Cranmer on Yesterday

Absolutely spot on.

It is one thing to terrorise the Prince of Wales and the Duchess of Cornwall;
It is one thing to daub the walls of Government buildings with graffiti;
It is one thing to set fire to the Christmas Tree in Trafalgar Square;
It is one thing to inflict pain and suffering upon devoted animals;
It is one thing to urinate against the statue of Winston Churchill;

But it is quite another to desecrate the Cenotaph; the nation’s memorial to The Glorious Dead; to those who died in order that these students might be free to speak their mind, to assemble with their colleagues and protest for their cause.

By tearing down the Union Flag and senselessly swinging like apes from this monument to the sacred memory of the sacrifice of millions, the primitive protestors have forfeited their right to be heard in civil society. The NUS must condemn this sacrilege; they must abhor the violent disorder; they must reject the anarchy of the minority and repudiate acts of vandalism and terrorism.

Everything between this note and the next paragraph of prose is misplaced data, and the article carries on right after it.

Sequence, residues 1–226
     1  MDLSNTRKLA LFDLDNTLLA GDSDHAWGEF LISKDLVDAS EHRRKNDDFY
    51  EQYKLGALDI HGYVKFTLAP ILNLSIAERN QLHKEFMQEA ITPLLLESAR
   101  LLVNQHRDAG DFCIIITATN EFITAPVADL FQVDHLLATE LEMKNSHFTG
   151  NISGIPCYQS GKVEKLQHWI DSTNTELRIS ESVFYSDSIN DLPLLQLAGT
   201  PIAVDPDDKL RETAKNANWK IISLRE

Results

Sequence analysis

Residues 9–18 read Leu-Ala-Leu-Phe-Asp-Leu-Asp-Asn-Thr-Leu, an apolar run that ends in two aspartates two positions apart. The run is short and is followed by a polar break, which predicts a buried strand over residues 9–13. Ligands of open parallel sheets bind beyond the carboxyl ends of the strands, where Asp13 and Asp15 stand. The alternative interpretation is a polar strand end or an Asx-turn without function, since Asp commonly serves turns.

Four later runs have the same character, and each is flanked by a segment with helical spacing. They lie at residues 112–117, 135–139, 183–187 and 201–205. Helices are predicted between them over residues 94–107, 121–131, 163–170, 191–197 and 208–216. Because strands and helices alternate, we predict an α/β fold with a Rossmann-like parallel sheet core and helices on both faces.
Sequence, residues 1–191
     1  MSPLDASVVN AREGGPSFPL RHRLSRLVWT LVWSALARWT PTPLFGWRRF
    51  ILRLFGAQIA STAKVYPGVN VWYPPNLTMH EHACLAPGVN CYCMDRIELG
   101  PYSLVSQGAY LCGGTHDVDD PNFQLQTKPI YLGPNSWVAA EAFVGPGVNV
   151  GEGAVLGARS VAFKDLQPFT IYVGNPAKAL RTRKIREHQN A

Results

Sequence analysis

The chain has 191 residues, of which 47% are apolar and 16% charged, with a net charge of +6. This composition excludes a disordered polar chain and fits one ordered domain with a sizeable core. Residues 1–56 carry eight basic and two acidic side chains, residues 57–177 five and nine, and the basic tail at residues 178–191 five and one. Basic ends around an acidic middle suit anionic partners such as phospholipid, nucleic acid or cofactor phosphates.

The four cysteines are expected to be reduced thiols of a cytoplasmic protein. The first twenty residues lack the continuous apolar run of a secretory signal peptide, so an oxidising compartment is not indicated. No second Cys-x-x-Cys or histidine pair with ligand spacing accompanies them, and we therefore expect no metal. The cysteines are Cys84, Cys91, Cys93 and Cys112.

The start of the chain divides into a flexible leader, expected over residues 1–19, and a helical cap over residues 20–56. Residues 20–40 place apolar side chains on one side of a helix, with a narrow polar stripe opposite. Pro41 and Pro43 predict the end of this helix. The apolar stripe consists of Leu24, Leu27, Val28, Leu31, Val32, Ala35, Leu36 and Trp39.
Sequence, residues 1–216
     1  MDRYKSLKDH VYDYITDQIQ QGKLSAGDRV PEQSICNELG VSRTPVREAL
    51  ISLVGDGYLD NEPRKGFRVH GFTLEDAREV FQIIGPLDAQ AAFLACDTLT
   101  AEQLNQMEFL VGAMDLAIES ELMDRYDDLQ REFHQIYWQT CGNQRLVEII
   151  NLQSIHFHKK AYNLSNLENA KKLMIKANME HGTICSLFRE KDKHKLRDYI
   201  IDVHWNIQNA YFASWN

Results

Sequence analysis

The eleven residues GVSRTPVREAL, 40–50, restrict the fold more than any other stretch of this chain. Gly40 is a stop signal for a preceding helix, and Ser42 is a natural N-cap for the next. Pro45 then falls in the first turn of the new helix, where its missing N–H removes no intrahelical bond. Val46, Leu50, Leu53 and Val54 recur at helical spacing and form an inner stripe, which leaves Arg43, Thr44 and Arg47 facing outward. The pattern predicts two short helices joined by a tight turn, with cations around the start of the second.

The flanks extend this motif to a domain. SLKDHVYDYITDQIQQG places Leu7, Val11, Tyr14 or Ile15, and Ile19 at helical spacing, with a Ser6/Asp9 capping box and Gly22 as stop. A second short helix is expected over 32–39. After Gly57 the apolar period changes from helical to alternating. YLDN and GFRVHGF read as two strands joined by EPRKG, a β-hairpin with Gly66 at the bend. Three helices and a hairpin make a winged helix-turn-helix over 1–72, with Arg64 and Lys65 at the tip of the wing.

And so must university chancellors, vice chancellors, lecturers and teachers.

Protests are only effective when moral reason is maintained and national sympathies are aroused. They are won only when they satisfy the common, collective interests of the people as a whole. Those who desire fairness and justice must respect the rights of others for peace and the rule of law. The revolutionaries must tolerate the patriots: those who seek change must acknowledge those who desire to maintain the status quo, for such is the social contract demanded by liberal democracy. Harm must be balanced with care; fairness with reciprocity. There must be space for sanctity and respect for authority.

One might expect England’s élite intellects to realise and understand this.

Shamefully, they do not.

Posted in Student Fees, UK Politics Tagged with: , , , , , , , , , , , , , , , , , , ,